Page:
Articles Posted in Products Liability

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Claims brought against the manufacturer of a component part of an improvement to real property fell under an exception to the ten-year statute of repose because the improvement was “machinery installed upon real property.” See Minn. Stat. 541.051. Appellant manufactured the motor in a home’s heat-recovery ventilator. Sixteen years after the ventilator was installed, a fire started in the ventilator, causing property damage to the home. Respondent, the insurer of the homeowners, brought this subrogation action against Appellant. The district court granted summary judgment for Appellant, concluding that the ten-year statute of response for improvements to real property barred every claim except the claim alleging a post-sale duty to warn, which claim it dismissed upon summary judgment. The court of appeals reversed. The Supreme Court affirmed in part and reversed and remanded in part, holding (1) under the plain language of section 541.051, the ventilator containing Appellant’s motor was “machinery installed upon real property,” and therefore, the court of appeals properly reinstated Respondent’s breach of warranty, negligence, and product liability claims; and (2) Appellant did not have a duty to warn consumers of its product’s alleged defect after the time of sale. View "Great Northern Insurance Co. v. Honeywell International, Inc." on Justia Law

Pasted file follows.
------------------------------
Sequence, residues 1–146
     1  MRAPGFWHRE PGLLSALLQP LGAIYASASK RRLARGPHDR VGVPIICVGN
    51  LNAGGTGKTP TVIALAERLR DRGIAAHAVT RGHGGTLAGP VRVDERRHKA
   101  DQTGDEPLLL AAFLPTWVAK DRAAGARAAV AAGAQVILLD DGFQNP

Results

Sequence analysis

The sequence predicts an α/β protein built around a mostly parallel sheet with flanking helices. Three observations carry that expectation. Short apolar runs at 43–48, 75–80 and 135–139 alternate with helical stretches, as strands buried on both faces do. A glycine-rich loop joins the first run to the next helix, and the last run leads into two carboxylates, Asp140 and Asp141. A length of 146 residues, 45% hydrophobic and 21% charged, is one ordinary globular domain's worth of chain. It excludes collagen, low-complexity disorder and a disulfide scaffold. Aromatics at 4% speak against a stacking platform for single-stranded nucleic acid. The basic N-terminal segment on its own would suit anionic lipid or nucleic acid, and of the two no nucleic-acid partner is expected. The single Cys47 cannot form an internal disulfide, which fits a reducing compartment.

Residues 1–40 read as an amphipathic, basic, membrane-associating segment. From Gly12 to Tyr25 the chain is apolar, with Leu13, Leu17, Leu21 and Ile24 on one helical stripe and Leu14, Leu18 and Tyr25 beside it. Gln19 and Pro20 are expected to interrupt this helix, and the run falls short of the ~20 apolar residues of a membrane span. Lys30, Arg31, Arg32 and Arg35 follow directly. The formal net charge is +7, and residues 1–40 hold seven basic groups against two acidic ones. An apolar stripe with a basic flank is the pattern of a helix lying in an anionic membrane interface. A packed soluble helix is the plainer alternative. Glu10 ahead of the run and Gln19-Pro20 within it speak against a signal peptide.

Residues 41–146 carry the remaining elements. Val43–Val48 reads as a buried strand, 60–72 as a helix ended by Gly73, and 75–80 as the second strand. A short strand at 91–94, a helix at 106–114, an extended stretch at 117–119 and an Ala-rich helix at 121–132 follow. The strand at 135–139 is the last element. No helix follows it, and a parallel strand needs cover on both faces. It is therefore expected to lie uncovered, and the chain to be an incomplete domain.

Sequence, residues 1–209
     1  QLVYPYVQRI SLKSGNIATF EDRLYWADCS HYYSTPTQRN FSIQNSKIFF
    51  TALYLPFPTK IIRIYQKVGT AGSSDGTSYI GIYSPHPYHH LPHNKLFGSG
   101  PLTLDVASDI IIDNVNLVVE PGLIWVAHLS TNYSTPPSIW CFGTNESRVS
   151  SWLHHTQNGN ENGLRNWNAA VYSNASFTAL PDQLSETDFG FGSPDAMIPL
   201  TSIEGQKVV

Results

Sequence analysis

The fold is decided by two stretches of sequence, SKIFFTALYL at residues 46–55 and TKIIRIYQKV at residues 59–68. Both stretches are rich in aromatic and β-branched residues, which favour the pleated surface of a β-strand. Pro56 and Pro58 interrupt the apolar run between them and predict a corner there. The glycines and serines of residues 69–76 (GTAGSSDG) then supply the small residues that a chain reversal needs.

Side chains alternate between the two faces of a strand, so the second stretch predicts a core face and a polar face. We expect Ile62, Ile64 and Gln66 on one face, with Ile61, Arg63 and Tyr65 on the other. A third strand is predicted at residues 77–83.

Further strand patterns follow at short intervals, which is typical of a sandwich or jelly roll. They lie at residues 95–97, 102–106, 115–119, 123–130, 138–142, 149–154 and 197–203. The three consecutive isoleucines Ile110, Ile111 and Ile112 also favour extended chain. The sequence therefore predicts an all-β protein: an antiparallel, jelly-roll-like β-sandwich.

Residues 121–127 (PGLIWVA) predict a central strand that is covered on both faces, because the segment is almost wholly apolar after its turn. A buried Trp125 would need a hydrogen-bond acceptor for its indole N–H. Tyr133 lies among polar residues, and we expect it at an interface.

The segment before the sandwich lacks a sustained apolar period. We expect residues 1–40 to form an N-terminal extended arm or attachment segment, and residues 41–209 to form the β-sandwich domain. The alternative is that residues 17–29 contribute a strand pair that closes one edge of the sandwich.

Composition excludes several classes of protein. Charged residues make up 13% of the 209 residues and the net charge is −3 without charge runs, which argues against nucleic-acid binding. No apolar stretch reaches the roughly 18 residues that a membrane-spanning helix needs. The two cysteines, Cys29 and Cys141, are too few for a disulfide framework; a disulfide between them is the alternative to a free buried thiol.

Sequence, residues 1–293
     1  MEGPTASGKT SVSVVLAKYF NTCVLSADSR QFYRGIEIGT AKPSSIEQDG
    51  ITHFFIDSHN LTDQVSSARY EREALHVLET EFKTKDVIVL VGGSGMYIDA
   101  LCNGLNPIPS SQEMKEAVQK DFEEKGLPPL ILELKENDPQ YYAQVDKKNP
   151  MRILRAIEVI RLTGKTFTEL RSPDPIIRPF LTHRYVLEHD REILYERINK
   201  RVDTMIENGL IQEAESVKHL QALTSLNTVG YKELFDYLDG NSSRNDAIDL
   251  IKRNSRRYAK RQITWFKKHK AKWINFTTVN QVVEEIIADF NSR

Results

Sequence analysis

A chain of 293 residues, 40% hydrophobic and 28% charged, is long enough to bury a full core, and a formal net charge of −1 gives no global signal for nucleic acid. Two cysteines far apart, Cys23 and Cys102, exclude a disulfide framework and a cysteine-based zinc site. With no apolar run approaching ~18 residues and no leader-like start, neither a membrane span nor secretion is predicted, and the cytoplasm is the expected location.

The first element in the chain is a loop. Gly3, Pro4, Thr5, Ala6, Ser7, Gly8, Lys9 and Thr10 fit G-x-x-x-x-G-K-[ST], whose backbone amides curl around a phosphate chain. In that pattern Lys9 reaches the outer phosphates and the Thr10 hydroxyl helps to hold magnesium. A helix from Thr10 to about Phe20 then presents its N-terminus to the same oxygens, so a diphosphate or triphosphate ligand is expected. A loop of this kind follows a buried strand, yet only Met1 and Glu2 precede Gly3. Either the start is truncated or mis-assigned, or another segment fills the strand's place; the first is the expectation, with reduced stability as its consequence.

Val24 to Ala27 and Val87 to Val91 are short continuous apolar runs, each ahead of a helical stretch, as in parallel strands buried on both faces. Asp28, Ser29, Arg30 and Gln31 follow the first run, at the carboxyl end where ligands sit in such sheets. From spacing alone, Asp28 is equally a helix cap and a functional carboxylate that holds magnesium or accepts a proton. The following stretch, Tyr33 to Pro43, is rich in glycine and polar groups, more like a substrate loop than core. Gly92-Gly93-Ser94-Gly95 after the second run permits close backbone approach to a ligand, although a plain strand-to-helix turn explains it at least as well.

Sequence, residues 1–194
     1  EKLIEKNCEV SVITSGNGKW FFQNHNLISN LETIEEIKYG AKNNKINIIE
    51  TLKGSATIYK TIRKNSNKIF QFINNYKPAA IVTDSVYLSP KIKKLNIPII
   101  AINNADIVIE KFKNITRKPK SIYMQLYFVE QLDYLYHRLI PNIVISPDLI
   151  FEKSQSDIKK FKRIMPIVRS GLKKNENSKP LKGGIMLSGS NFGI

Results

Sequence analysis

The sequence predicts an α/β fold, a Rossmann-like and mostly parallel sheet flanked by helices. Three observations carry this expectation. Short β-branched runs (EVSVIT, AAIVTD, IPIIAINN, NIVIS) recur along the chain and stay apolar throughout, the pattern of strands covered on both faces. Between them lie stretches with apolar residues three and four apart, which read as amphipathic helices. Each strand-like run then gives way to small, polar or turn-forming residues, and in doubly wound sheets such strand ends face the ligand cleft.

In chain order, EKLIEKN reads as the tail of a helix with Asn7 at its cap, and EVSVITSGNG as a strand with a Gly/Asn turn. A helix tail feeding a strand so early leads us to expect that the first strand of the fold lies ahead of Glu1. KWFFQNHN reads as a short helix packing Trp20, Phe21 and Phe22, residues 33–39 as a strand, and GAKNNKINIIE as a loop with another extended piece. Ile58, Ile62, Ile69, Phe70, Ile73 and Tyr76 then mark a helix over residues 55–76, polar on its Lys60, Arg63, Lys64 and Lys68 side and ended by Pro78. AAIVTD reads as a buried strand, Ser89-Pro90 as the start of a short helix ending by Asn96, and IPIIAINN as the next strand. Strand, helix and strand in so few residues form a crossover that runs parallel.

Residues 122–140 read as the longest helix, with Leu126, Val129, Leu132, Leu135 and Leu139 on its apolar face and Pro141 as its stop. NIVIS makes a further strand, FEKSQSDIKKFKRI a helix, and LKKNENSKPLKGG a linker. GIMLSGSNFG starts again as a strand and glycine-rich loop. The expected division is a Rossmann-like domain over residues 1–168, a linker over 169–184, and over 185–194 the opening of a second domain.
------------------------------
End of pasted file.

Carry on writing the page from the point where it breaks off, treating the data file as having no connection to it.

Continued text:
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Claims brought against the manufacturer of a component part of an improvement to real property fell under an exception to the ten-year statute of repose because the improvement was “machinery installed upon real property.” See Minn. Stat. 541.051. Appellant manufactured the motor in a home’s heat-recovery ventilator. Sixteen years after the ventilator was installed, a fire started in the ventilator, causing property damage to the home. Respondent, the insurer of the homeowners, brought this subrogation action against Appellant. The district court granted summary judgment for Appellant, concluding that the ten-year statute of response for improvements to real property barred every claim except the claim alleging a post-sale duty to warn, which claim it dismissed upon summary judgment. The court of appeals reversed. The Supreme Court affirmed in part and reversed and remanded in part, holding (1) under the plain language of section 541.051, the ventilator containing Appellant’s motor was “machinery installed upon real property,” and therefore, the court of appeals properly reinstated Respondent’s breach of warranty, negligence, and product liability claims; and (2) Appellant did not have a duty to warn consumers of its product’s alleged defect after the time of sale. View "Great Northern Insurance Co. v. Honeywell International, Inc." on Justia Law

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The Supreme Court reversed the district court’s grant of summary judgment in favor of Defendant in this products liability action, holding that this was a “close case” in which foreseeability must be resolved by the jury. Plaintiff was injured by a high-density extruder manufactured by Defendant. Plaintiff brought a products liability action against Defendant, alleging failure-to-warn and design-defect claims. The district court granted Defendant’s motion for summary judgment, concluding that Defendant did not owe a duty of care to Plaintiff because Plaintiff’s injury was not reasonably foreseeable. The court of appeals affirmed. The Supreme Court reversed and remanded, holding that, viewing all of the evidence and inferences arising from it in the light most favorable to Plaintiff, reasonable persons might differ as to the foreseeability of Plaintiff’s injury under the circumstances. View "Montemayor v. Sebright Products, Inc." on Justia Law

Posted in: Products Liability